South African food company could buy 80% stake in Nigeria’s Dangote

Bloomberg reported that South Africa’s foremost food producer Tiger Brands, on Monday, said that it is in talks with Dangote Industries over the Nigerian conglomerate’s stake in its flour milling unit.

Aliko Dangote

Aliko Dangote

Dangote Industries, Aliko Dangote’s personal investment vehicle, owns 73% of the company with local and foreign investors holding the 27% balance. Tiger Brands is reportedly gunning for an 80% stake in Dangote Flour Mills (DFM) which, if successful, will significantly increase its presence in the food industry of Africa’s most populous nation given its 49% shareholding in UAC of Nigeria, another Nigerian consumer facing company that it acquired in 2011.

The acquisition is in keeping with Tiger Brands CEO’s Peter Matlare’s statement late last year that the company was still “looking hard” for acquisitions in Africa regardless of the numerous acquisitions across the region earlier in that year.

2011 saw the group acquiring Davita Trading – a South African based export company, 51% of the food and consumer interests of East Africa Group of Companies in Ethiopia and of biscuit manufacturer Deli Foods in Nigeria. In Zimbabwe, Tiger Brands increased its hold on National Foods, the largest miller in that economy, adding 11.7% to its holding to take it to 37.4%.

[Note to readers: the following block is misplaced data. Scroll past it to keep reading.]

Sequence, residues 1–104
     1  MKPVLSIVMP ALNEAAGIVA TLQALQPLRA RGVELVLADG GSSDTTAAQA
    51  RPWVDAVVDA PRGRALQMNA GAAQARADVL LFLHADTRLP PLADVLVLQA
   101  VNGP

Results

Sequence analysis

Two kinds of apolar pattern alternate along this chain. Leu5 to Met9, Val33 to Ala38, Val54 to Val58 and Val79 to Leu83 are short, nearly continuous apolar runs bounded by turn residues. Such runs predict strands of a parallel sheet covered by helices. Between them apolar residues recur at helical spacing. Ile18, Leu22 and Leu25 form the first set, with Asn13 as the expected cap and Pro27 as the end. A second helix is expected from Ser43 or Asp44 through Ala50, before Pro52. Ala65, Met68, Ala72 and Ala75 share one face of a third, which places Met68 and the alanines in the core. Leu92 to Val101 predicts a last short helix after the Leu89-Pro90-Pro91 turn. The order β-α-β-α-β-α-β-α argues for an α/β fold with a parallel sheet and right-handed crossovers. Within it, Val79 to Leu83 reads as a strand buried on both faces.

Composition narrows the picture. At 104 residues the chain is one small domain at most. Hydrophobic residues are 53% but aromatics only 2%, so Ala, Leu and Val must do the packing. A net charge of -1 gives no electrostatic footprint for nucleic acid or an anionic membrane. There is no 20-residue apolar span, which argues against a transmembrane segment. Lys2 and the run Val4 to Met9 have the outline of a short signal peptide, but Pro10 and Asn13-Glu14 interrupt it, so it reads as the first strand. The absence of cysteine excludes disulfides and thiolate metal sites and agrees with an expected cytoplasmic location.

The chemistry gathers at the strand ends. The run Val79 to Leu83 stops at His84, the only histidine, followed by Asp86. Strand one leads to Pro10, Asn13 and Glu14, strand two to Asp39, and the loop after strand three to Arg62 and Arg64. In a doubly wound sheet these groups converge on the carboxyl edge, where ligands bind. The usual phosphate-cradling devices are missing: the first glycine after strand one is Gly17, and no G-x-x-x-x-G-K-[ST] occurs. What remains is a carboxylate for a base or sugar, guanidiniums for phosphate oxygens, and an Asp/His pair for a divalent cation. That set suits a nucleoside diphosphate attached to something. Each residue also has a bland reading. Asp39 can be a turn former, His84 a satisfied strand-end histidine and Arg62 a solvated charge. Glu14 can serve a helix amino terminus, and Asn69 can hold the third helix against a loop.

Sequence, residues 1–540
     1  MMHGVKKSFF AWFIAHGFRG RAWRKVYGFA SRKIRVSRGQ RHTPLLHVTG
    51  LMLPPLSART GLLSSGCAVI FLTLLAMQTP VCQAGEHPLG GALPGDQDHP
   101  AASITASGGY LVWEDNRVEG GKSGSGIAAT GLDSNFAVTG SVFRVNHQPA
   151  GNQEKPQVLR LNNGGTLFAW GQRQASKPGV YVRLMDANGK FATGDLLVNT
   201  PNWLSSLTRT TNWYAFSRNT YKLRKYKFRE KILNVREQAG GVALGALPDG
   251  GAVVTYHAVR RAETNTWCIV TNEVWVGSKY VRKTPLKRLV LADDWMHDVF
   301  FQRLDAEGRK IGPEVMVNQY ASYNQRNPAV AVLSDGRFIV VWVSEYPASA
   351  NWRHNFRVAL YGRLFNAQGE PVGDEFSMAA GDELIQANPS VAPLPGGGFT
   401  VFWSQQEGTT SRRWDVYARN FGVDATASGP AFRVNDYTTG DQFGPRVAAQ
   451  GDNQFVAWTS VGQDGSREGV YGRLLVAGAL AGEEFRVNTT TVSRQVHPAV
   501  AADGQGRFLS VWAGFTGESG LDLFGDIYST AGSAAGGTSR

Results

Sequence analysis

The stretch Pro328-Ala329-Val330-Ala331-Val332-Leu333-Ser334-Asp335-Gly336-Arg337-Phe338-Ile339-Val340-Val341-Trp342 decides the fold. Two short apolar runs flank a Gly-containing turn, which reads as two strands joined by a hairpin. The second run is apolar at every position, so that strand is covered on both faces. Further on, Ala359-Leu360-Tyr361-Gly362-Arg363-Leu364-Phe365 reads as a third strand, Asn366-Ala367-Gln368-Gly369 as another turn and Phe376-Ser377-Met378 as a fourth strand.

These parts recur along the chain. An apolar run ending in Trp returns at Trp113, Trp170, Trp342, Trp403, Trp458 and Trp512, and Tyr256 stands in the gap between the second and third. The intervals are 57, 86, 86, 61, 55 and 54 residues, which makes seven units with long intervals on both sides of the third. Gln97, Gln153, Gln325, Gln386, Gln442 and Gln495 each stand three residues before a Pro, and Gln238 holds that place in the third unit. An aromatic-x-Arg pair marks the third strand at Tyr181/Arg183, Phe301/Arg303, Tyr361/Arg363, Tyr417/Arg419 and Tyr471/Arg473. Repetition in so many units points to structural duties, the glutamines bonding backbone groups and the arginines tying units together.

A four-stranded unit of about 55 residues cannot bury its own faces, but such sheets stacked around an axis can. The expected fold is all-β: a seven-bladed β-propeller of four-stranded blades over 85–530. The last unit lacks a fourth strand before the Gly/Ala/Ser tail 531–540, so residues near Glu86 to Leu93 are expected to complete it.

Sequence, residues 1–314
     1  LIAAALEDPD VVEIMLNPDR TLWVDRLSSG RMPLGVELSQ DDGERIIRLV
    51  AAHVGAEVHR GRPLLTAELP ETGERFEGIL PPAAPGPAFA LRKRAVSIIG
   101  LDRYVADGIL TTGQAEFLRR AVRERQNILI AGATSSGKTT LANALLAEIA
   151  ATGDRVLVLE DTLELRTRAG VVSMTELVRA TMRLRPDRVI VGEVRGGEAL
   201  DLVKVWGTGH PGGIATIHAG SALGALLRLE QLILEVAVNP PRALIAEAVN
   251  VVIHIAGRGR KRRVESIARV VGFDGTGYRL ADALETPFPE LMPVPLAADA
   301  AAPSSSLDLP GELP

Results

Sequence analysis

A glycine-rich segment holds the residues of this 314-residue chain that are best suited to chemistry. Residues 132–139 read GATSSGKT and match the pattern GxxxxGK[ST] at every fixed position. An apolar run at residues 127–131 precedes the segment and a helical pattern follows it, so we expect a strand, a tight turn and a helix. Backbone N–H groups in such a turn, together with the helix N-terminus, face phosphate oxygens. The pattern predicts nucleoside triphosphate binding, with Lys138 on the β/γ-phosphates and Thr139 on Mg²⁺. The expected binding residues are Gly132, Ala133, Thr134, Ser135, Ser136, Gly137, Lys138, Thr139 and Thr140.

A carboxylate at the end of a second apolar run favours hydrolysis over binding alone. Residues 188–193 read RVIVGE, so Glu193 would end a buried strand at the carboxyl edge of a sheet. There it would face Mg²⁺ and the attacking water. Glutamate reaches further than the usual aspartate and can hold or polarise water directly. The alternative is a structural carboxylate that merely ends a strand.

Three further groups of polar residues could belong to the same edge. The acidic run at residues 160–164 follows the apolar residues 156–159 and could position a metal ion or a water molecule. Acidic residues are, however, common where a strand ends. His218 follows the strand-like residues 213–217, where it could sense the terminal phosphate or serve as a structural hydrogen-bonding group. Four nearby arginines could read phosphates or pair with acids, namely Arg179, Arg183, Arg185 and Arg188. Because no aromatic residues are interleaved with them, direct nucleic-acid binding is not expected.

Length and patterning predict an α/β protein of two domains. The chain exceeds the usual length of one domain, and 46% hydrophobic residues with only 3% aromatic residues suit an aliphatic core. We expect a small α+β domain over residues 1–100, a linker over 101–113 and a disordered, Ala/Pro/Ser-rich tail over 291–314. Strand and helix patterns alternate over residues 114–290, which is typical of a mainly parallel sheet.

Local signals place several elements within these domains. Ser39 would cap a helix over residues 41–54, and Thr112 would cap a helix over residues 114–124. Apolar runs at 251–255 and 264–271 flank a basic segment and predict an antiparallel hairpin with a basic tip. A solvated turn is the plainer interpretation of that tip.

Dangote Group has reportedly indicated its strategic change in focus towards infrastructure and power, and expectations were that its sugar, salt, flour, rice and pasta businesses will be sold off or restructured in a manner that takes the day to day running away from the group. It is therefore not surprising, that despite being only about seven years old and as such endowed with fairly new and comparatively efficient plants, Dangote Group is already looking for an exit.

The Nigerian flour market is highly concentrated with the top three flour millers, namely; Flour Mills Nigeria (FMN), DFM and Honeywell Flour Mills (HFM) accounting for around 85% of the market share. The industry relies on wheat imports, although ongoing reforms in the sector envisages an 80:20 blend of wheat and cassava flour, respectively, for Nigeria.

The industry provides an important ingredient for one of the nation’s staple foods: bread, which takes up about 80% of flour milled in Nigeria.

DFM is the second largest producer of bread and general purpose flour after FMN. It has capacity for 1.5 million tons of flour per year, giving it a 23% share of production capacity. It has a hold on 17% of the market share, behind FMN, which has 50%.

Flour milling capacity in Nigeria is, however, well ahead of consumption with DFM only producing around 450 million tons as at the end of 2010, testifying to the existence of excess capacity. Its milling business includes semolina, an increasingly consumed staple food and bran, which is used mainly for animal feeds. DFM also produces pasta and noodles as well as sacks though its subsidiaries Dangote Pasta, Dangote Noodles and Dangote Agrosacks Limited.

Milling operations historically accounts for about 70% of earnings, packaging 16% and noodles 14%.

While an acquisition by a company with years of experience in food production of a fairly efficient business in a market with the demographic dynamics of Nigeria can only be value adding, we believe the message it sends out regarding the scramble for the African consumer cake is more important.

We have been bullish on sub-Saharan African consumer facing companies and still maintain our call for investors to seek exposure in the sector with breweries, telco companies and food producers being among our top picks.

Imara is an investment banking and asset management group renowned for its knowledge of African markets.